Customs, Traditional Food

Leaving this Life, an Octava in Pitumarka

Pitumarka's Temple (Eric Rayner)

In the Andes the octava is a ceremony that bids farewell to the deceased and reflects on their lives. The octava is a fusion of Native Andean and Catholic beliefs and takes place exactly eight

days after the funeral.

I am visiting Pitumarka again when we are approached by the family of a an important and recently deceased member of the community the former mayor of Pitumarka, Don Mariano Zavaleta. The Zavaleta family asks us to attend the octava for Don Mariano.

Years ago Don Timoteo served as registrar and learned the responsibilities of mayor-ship from Don Mariano. Pitumarkans tell me that Don Mariano was an good man who served his people honorably and that we should pay our respects. Unfortunately, Don Timoteo has a bad case of influenza and cannot attend.

It is 10 a.m. when we attend the service in the rarely open temple of Pitumarka. It was constructed in the late eighteenth century and is a native interpretation of Spanish Baroque architecture. The priest asks that certain items be brought to the service that were favored by the deceased. On an altar there is a picture of the former mayor surrounded by a basket of fruit, and a bottle of liquor the deceased can enjoy in the afterlife. There is a also a large basket of freshly baked bread on the floor at the base of the altar. I notice a perfect bunch of dark grapes carefully wrapped in paper in front of the deceased’s image. Sporting a new “North Face” fleece the priest finishes the ceremony by sprinkling holy water on the mourners surrounding the altar. As the procession leaves the temple, we are invited to the family compound to participate in the second part of the ceremony at the deceased’s former residence.

We cross the Pitumarka river into another suyo, one of four subdivisions or communities within the greater village of Pitumarka. Suyos represent the Andean cosmology which places and organizes Andean communities within time and place. Suyos are both complimentary oppositional entities providing both unity and tension within a community.

The Village of Pitumarka
The Village of Pitumarka

We approach a large but deteriorating walled compound. This residence is made up of mostly small, roofless adobe structures and a kitchen enclosing a large, grassy courtyard filled with chicken and sheep wandering about. We are led into a large salon with Spanish style stenciling along the deteriorating walls circling the ceiling. A newly installed roof protects the old walls from further damage. There are old bay windows with arched wooden frames along the wall opposite with a view of cornfields below. Benches are arranged along the walls and chairs are situated near a large cross-shaped altar reserved for the immediate family. Don Mariano’s widow, his children and grandchildren, who have come from all over Peru to pay their respects, are genuinely upset about his passing. Don Mariano was proud of his children and grandchildren most of whom became professionals.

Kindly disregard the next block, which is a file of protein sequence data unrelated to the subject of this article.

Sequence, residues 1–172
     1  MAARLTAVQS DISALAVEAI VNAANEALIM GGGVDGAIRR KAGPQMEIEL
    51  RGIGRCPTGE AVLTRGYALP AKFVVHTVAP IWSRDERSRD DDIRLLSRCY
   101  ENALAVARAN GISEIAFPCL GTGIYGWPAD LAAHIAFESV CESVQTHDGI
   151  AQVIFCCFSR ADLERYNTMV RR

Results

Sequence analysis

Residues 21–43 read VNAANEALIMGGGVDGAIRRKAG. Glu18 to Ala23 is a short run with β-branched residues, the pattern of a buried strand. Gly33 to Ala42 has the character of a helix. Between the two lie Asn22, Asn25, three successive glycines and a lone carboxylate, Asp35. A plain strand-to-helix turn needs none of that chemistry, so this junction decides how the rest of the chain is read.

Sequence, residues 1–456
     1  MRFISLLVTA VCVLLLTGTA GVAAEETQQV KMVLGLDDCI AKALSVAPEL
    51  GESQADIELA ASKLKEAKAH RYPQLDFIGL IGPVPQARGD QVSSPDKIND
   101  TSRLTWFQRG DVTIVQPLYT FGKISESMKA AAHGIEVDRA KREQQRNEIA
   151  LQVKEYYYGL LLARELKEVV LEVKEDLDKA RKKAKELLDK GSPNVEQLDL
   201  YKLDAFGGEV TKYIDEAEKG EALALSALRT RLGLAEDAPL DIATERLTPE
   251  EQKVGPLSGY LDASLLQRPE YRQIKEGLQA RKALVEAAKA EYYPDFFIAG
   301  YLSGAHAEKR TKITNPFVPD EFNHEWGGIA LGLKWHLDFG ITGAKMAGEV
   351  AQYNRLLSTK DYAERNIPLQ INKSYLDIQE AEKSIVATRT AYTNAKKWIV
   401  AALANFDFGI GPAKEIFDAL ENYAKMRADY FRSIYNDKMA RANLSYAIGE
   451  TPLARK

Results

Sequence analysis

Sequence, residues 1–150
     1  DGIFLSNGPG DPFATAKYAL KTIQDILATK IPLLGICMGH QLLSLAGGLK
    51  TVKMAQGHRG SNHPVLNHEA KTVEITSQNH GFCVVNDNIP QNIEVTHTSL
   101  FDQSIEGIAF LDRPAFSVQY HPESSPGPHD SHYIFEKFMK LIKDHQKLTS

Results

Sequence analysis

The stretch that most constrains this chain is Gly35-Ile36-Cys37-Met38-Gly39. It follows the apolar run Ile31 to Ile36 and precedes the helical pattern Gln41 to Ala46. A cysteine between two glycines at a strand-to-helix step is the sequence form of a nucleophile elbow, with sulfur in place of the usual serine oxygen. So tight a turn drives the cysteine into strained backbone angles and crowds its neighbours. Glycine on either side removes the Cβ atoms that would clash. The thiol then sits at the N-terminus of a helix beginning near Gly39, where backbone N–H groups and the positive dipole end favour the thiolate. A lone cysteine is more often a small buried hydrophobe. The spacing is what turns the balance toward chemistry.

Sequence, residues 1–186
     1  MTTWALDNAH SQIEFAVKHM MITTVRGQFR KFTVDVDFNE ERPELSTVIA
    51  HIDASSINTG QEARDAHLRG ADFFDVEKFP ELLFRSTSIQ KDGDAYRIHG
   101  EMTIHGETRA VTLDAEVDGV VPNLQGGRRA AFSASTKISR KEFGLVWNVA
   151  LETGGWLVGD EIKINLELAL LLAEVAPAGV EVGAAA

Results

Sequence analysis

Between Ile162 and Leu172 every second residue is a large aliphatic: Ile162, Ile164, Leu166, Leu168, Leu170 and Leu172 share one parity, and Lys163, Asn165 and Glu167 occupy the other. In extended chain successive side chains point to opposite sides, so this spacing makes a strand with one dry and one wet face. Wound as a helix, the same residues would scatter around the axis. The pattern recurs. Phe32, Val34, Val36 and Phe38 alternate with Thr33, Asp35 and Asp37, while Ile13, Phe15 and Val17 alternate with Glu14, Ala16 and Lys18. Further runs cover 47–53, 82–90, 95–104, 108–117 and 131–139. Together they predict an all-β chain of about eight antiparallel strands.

Don Mariano’s picture and his mayoral identity card are placed above a large cross-shaped altar along with the offerings brought from the church. More offerings of selected pieces of fruit, all types of potatoes, a beautiful cake, bottles of cane liquor, expensive wine and beer were placed on the altar before we arrive. Other family members offer visitors seated around the salon small glasses of cane liquor, beer, and plates full of carefully prepared delicacies such as roast guinea pig and alpaca, mutton ribs and chuño (reconstituted freeze dried potatoes) topping a base of rice and noodles. All visitors and mourners greet each other, comfort one another and catch up on family news. Mourners accept food and drink while reflecting on the deceased’s life–some weep discreetly and conversations are held in whispers. Quechua is the language of intimacy and Spanish the language of formality. Candles flicker in the large salon adding to the solemnity of the occasion.

More offerings arrive wrapped in mantas (weavings) carried on the backs of friends, family, mourners and acquaintances. Offerings arrive all day and into the next morning and are reverently placed on the altar and on a larger manta placed on the floor.

Another altar is set up and each arrival of perfect potatoes and corn cobs necessitates the rearrangement of offerings into an ever larger mound on the ground. The offerings seem to describe the deceased’s life.

The immediate family sits closest to the altar. Nelida, Don Timoteo’s daughter, tells me that not so long ago, people sacrificed alpaca, llamas, guinea pigs and a favorite dog. They were brought to the altar in order to accompany the dead in the afterlife.

Nelida quietly leaves and quickly buys two bottles of highly coveted dark beer. When she returns, she quietly places them on the altar and takes her seat. Eventually, a family member conducts mourners in a prayer venerating the deceased’s life and a non-clergy specialist sprinkles holy water on the altar.

As the day progresses, mourners come and go. The family remains until the next morning and divide the offerings among family members. In the past, sacrificed animals were buried with the deceased. I remained with the impression that Don Mariano Zavaleta was celebrated as much for how people remembered him as much as how he lived his life.

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